Why bother with defence shields?

Stephen Walt highlights NATO’s outrageous self-congratulatory tone at the Chicago summit last weekend:

The success of our forces in Libya, Afghanistan, the Balkans and in fighting piracy is a vivid illustration that NATO remains unmatched in its ability to deploy and sustain military power to safeguard the security of our populations and to contribute to international peace and security.

He also notes their reaffirmed commitment to investing in missile defence technology:

Never mind that the Defense Science Board recently concluded that existing defense technologies are still easily spooked by inexpensive countermeasures. Please overlook the tens of billions of dollars we’ve spent chasing the Holy Grail of missile defense since the 1980s, without ever getting there. Ignore the poisonous effect this program has on relations with Russia, which has to assume the worst and take our efforts seriously. And pay no attention to the fact that if missile defense ever did work really, really well, it would just encourage potential adversaries to work on alternative delivery mechanisms (like smuggling) that would make it more difficult to trace an attack back to its source.

Walt is a staunch realist, and these comments are interesting because they demonstrate in miniature form a key tenet of his approach: the anarchy inherent to international relations ensures there is no trust and, despite it being the case that it’s in everyone’s interest to stay calm and avoid war, the system compels all states, even the well-intended ones, to build up their military and be prepared to fight. The weak that refuse shall otherwise perish.

Applied here, what this means is that all states are compelled to seek missiles as deterrents and then try to develop defence shields to give themselves an advantage over their opponents which in turn leads to new innovations in missile technology to avoid the defence shields, ad infinitum. Kenneth Waltz in his Theory of International Politics quotes Churchill, talking about the German naval race. Winston said something along the lines of ‘it will end in catastrophe, but we’ll run it anyway’.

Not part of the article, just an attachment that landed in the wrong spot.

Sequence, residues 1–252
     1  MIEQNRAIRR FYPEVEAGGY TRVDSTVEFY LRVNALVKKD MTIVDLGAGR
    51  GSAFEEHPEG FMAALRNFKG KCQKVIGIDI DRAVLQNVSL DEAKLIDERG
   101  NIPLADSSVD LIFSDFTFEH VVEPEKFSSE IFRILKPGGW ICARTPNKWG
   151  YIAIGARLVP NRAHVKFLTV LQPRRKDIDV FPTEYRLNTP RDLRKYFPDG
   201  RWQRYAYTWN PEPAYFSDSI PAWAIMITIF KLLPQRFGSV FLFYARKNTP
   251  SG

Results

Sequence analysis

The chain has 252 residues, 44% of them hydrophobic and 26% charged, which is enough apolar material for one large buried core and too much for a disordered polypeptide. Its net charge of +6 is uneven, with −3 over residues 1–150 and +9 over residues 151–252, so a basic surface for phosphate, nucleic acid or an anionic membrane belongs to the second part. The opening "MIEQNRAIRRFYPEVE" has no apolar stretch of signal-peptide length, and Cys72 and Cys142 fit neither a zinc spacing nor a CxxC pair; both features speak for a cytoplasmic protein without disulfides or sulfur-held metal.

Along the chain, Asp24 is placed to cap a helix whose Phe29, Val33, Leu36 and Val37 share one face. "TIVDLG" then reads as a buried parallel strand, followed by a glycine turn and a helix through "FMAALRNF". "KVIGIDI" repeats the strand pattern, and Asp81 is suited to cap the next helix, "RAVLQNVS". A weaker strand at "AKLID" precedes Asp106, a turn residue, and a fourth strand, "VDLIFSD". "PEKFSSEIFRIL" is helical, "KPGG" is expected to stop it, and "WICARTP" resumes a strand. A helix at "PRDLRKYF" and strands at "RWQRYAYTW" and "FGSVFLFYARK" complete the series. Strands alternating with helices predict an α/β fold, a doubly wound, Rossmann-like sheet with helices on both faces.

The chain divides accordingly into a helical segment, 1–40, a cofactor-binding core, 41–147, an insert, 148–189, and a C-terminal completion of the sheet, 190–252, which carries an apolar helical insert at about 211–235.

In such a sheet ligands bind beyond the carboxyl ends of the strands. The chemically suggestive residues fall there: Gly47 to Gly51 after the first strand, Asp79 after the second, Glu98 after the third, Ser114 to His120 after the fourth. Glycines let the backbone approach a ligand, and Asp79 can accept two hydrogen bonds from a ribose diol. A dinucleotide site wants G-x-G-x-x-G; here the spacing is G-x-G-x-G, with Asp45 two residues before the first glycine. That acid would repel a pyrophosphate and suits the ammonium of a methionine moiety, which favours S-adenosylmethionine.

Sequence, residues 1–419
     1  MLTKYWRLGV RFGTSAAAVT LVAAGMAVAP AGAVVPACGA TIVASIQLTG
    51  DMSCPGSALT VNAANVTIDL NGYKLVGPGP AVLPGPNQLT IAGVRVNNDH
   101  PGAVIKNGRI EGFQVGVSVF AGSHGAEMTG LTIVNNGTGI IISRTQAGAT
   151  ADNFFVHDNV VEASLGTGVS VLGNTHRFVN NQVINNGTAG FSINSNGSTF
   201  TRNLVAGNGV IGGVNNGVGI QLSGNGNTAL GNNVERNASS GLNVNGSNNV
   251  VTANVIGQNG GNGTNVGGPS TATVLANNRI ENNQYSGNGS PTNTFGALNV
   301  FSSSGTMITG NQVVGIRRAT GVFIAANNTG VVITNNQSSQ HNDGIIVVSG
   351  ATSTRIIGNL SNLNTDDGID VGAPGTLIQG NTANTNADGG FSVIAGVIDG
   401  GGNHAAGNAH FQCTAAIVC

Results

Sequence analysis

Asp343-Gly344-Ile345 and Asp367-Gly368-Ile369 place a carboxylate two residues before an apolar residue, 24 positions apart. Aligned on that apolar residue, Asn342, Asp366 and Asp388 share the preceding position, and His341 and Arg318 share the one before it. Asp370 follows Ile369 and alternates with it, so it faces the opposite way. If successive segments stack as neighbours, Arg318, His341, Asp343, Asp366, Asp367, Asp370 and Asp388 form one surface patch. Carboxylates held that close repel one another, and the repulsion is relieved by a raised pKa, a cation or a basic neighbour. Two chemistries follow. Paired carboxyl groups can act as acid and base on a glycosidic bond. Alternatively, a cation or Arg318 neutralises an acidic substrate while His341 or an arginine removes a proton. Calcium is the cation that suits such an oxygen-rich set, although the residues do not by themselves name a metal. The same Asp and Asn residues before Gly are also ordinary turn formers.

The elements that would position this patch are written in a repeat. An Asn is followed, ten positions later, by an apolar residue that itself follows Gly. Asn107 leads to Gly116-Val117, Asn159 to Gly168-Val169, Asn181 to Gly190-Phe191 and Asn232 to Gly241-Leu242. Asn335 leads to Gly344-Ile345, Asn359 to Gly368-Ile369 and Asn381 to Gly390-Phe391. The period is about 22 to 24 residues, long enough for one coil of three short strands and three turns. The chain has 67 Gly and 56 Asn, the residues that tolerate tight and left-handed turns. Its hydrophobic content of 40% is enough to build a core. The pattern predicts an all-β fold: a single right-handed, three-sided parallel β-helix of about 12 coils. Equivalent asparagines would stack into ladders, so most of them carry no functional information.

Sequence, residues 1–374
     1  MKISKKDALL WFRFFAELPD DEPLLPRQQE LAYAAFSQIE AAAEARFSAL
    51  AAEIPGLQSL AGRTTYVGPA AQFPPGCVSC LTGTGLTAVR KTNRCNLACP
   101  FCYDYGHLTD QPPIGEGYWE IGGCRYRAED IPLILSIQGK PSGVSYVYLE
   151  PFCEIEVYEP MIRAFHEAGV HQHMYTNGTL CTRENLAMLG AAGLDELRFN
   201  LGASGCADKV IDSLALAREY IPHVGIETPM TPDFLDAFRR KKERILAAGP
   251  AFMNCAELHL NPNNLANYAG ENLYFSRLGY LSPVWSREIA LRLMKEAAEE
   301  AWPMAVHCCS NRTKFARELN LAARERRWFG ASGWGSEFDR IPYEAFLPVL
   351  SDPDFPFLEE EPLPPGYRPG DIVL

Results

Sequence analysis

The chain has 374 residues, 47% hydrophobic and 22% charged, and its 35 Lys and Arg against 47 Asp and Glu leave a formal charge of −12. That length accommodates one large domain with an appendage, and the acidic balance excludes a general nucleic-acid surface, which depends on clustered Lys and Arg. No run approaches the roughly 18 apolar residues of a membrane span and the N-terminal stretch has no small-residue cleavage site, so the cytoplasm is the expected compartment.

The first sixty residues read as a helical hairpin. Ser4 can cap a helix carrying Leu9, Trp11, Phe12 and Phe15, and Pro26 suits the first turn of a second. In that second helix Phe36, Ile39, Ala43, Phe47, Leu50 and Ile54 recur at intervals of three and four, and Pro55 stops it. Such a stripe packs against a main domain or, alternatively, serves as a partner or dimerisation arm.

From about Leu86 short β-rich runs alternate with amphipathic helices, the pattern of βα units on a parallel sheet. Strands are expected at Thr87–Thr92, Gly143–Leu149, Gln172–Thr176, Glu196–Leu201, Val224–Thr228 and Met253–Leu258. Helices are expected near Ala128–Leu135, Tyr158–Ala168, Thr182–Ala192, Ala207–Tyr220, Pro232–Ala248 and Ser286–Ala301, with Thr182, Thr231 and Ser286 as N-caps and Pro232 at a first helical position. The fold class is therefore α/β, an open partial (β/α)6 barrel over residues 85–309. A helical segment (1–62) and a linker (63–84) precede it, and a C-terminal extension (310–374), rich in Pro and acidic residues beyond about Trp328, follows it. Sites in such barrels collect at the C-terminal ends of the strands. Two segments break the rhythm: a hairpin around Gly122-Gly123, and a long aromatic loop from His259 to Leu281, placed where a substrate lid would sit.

Another example would be the run on Northern Rock from a few years back: each individual has an interest in the bank surviving, and if they all left the money in then it would. But because they had no guarantee that others would stay calm as they did, each took the individually rational decision of playing safe and withdrawing their funds, thereby leading in sum to the collectively inferior outcome of the bank collapsing. Intrinsic to international relations are similar coordination problems. Or so realists claim.

And one more analogy can be drawn with the Prisoner’s Dilemma in economics that realists love to so often invoke:

If both partners in crime keep schtum, they both get out of jail in one year. But if Prisoner A remains silent, Prisoner B has an incentive to talk so he faces no prison time. And if Prisoner A talks, Prisoner B should also most certainly talk to avoid his twenty year sentence. And Prisoner A faces an identical situation: whatever B does, logic advises him to talk. So both talk and they both spend longer in jail than they need to.

Similarly, NATO will spend money on missile defense technology which, even if it is in the short-term successful, will turn out to be a waste once that technology is overcome. And the spiral of unnecessary spending and doom continues.

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2 thoughts on “Why bother with defence shields?

  1. It is interesting to note that Robert Jervis points out that the Prisoner’s Dilemma is quite similar to the Stag Hunt of Rousseau, he argues that if the Prisoner’s Dilemma is constantly reiterated (which it is) then the idea of defecting is nullified.

    • Indeed, which is of course the main liberal response to the realist’s paranoia: we can transcend coordination problems by, for the large part, punishing cheating.

      It’s interesting that realists claim Rousseau as one of their own. He would almost certainly be a constructivist – I might post on this soon.

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